Insurance as a Critical Tool

Households and small businesses in high-risk areas like the Caribbean must have effective risk management tools to prepare for the impacts of climate change—tools that are not solely dependent on remittances and that foster and encourage economic growth and investment.  This means that there must be affordable insurance options that protect homes, livelihoods, and assets, and provide ready access to cash in the aftermath of a climate event.

In addition to functioning as a critical tool for micro-level risk management, insurance provides significant macro-level benefits as well.  According to the authors of the book “The Economics, Regulation, and Systemic Risk of Insurance Markets” (Oxford University Press, 2016), there is ample evidence of a correlation between insurance penetration and GDP growth.  A survey of seventy-seven advanced and emerging economies for the years 1994 – 2005 found that a 1% increase in total insurance penetration led to a 4.8% increase in economic growth per year.

The book’s authors note that insurance provides a wide array of macroeconomic benefits.  Insurance lowers businesses aversion to risk, allowing managers to make decisions like hiring new workers, investing in new technologies, or building a new factory or warehouse.  Insurance also can reduce precautionary savings that cause businesses to divert revenues into savings and away from investments that can create growth.  And perhaps most importantly in the context of climate change and natural disasters, insurance acts as an economic stabilizer supporting consumer spending, protecting government revenues, and preventing disruptions to financial services in the wake of a climate event.

In spite of these benefits, the protection gap persists in the Caribbean region and emerging markets more broadly.  According to S&P Global Market Intelligence, “the catastrophe risk coverage level is 35% in advanced economies versus 6% in emerging economies — but they are far more pronounced in emerging economies.”  S&P quotes Wynne Lawrence, a senior associate at London-based law firm Clyde & Co as saying that emerging economies “are most vulnerable to climate change and the most at risk of having the development gains that have been hard won be lost because of extreme weather events.”

The IFC indicates that insurance is still a nascent risk management tool in emerging markets, accounting for only about 16% of the global insurance market.  In order for households and businesses in places like the Caribbean to increase their adoption of insurance as a risk management tool, there will need to be greater education on the part of consumers, innovations that help manage climate risk while also lowering premiums, greater transparency and trust in insurers, and changes in the regulatory framework to protect consumers and foster innovations.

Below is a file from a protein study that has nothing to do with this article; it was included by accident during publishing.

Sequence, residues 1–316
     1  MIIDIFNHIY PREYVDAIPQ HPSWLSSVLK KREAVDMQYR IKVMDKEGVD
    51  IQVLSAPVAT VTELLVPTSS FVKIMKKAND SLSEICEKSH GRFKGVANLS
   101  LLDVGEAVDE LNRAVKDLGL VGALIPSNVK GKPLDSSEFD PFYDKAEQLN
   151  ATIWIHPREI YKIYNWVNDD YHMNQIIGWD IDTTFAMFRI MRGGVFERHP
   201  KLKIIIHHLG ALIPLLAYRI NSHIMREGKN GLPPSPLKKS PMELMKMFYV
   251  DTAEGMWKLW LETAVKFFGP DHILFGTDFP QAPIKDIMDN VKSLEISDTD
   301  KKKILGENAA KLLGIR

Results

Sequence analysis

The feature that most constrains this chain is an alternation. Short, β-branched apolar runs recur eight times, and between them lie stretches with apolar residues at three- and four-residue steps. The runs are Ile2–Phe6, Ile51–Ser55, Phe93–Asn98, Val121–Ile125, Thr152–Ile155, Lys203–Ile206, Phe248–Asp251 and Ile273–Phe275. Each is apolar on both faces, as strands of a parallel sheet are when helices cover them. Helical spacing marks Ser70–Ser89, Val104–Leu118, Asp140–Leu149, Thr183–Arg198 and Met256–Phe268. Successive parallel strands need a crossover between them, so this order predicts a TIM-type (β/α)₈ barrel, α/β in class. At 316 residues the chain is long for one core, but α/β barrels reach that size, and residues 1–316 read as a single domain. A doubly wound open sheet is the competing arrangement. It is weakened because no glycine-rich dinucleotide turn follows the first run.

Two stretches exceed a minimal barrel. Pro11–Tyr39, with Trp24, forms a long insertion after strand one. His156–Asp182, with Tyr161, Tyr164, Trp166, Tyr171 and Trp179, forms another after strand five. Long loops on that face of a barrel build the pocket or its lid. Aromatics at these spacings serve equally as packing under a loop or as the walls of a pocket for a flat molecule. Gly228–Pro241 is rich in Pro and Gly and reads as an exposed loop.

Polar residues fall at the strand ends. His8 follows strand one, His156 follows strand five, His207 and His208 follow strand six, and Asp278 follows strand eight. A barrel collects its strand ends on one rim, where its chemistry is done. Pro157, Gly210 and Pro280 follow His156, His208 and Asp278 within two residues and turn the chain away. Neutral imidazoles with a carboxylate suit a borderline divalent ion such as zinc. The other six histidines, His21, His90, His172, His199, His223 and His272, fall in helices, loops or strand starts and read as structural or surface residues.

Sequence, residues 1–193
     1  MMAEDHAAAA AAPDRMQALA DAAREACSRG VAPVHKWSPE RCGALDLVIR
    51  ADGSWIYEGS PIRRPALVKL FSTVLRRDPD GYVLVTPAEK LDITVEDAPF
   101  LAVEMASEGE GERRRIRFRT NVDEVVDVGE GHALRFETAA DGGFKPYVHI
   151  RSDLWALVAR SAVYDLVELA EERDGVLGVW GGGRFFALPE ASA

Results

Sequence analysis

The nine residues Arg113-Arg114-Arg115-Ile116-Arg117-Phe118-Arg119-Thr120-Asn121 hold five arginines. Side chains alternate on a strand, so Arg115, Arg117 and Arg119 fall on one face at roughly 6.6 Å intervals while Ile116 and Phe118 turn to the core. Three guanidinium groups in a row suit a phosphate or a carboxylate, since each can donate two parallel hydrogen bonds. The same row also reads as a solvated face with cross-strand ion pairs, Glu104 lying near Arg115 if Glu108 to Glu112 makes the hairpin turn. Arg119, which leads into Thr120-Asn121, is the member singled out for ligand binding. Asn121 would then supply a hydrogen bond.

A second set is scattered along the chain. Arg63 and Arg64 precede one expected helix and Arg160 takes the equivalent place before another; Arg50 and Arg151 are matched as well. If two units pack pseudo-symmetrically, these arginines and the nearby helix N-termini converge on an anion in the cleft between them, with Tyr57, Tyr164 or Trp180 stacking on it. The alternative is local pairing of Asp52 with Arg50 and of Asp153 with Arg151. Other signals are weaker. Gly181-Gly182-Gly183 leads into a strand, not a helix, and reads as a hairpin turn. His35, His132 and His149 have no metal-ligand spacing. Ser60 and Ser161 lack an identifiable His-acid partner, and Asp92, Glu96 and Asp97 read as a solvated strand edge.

Some of these alternatives are starting to emerge in innovations such as microinsurance, which provides coverage to low-income households in emerging markets and can provide protection for lower value assets.  As the IFC notes, cellular and digital technologies are making it possible to deliver a wider range of insurance products to more countries in emerging markets at a lower cost.  Other innovations such as parametric insurance, which pays out based on the occurrence of a triggering event, can provide an effective way of managing specifically targeted risks.  Innovations in financial technology such as mobile payment platforms and blockchain are also being used to reduce costs and disintermediate traditional market players.

Taken together, these innovations have the opportunity to provide affordable risk management solutions to vulnerable households and small businesses and provide them the financial resources to recover from climate events more quickly.  Given the challenges posed to the livelihoods of communities in the Caribbean region specifically, and emerging markets more broadly, by lower growth rates, COVID, and climate change, innovations in insurance are essential.  Innovations in risk management and wider adoption of insurance will deliver benefits to households and businesses directly, and to the economies of the region more broadly, by allowing economic activity to return to normal more quickly and attracting much needed investment for growth.


Brent Barnette, Duke MBA 2002, is the Economic Development Director for the Climate Resilience Execution Agency for Dominica.

Leave a Reply

Your email address will not be published. Required fields are marked *